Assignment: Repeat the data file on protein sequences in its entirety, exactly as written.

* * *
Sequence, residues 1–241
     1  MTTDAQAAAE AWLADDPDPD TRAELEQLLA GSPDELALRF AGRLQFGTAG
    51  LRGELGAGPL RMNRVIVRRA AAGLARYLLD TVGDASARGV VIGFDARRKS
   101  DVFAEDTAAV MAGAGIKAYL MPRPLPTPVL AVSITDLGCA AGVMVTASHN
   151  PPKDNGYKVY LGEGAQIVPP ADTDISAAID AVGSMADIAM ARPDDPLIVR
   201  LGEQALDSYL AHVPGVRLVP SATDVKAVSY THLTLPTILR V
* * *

Sequence, residues 1–241
     1  MTTDAQAAAE AWLADDPDPD TRAELEQLLA GSPDELALRF AGRLQFGTAG
    51  LRGELGAGPL RMNRVIVRRA AAGLARYLLD TVGDASARGV VIGFDARRKS
   101  DVFAEDTAAV MAGAGIKAYL MPRPLPTPVL AVSITDLGCA AGVMVTASHN
   151  PPKDNGYKVY LGEGAQIVPP ADTDISAAID AVGSMADIAM ARPDDPLIVR
   201  LGEQALDSYL AHVPGVRLVP SATDVKAVSY THLTLPTILR V